Using a CW laser on a STED microscope, in combination with pulsed excitation and gated detection,13,14
not only eliminates the blurring and the decreased contrast inherent with the CW-STED modality, but also allows live-cell images to be recorded with CW-STED laser powers of around 100 to 150 mW at the sample.14
Recording STED images of TMR-SNAP tagged samples with the gated detection places rather specific demands on the performance of the CW-STED laser. Besides the 650- to 670-nm wavelength already mentioned, a CW-STED light of around 100 to 150 mW is required at the sample, which, because of losses at the different optical parts of the nanoscope, translates into a need for a red laser with at least 400 mW of power.
Another important prerequisite is the use of low-noise lasers, because any fluctuations in the power level compromise the contrast of the final image.14
Figure 3 shows STED images produced using gated detection and a low-noise DPSS laser for STED: the Cobolt Flamenco, which delivers up to 500 mW at 660 nm with an rms noise of less than 0.1 percent.
Figure 3. STED imaging of TMR-labeled cells with a 660-nm diode-pumped solid-state laser. Scanning confocal (left) and STED (with [right] and without [middle] gated detection) images of labeled microtubule in mammalian cells. Scale bar: 500 nm.
STED images recorded with power of 130 mW at the sample clearly show superior resolution over the diffraction-limited confocal recordings, as exemplified for microtubule of mammalian cells labeled with TMR via the SNAP-tag technology.12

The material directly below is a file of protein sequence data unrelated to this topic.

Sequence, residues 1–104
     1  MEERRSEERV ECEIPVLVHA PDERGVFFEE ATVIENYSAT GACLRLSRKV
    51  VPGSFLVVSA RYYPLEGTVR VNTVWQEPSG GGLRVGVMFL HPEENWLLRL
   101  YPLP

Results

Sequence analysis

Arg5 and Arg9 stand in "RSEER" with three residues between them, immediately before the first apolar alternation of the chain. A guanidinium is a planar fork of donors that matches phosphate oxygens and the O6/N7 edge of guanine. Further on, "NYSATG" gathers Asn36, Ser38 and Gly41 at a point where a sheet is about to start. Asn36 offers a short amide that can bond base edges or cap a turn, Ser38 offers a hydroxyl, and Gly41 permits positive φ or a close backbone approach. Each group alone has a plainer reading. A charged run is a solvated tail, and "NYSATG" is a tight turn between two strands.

Excitation was performed by a 532-nm pulsed laser system from Picoquant GmbH. Consequently, using a small CW DPSS laser significantly reduces the cost and complexity of a STED nanoscope setup without compromising its performance.
A prominent topic in cellular signaling is the role of heterogeneous organization and the dynamics of molecules in the plasma membrane. It is well known that membrane heterogeneity imposed by lipid-lipid and lipid-protein interactions is involved in membrane-associated processes15
(Figure 4a). These interactions often occur on very small spatial scales of less than 200 nm. Thus, their direct and noninvasive observation in the living cell is fundamentally impeded by the resolution limit of a conventional far-field microscope.
Figure 4. STED-FCS of membrane dynamics with a 660-nm diode-pumped solid-state laser. (a) Scheme of the cellular plasma membrane, where lipids may diffuse (dotted line) heterogeneously due to interactions with other molecules. (b) Diffusion coefficient of a TMR-labeled phosphoethanolamine lipid in the plasma membrane of live mammalian cells determined from FCS data recorded for different sizes of the observation area. The constant values indicate free Brownian diffusion on all spatial scales with a diffusion coefficient of about 0.4 µm2/s (solid line).
Combining STED and FCS
With the superior spatial resolution of STED far-field microscopy, it is possible to directly resolve such membrane heterogeneities. Besides delivering the required spatial resolution to image protein nano-clusters,4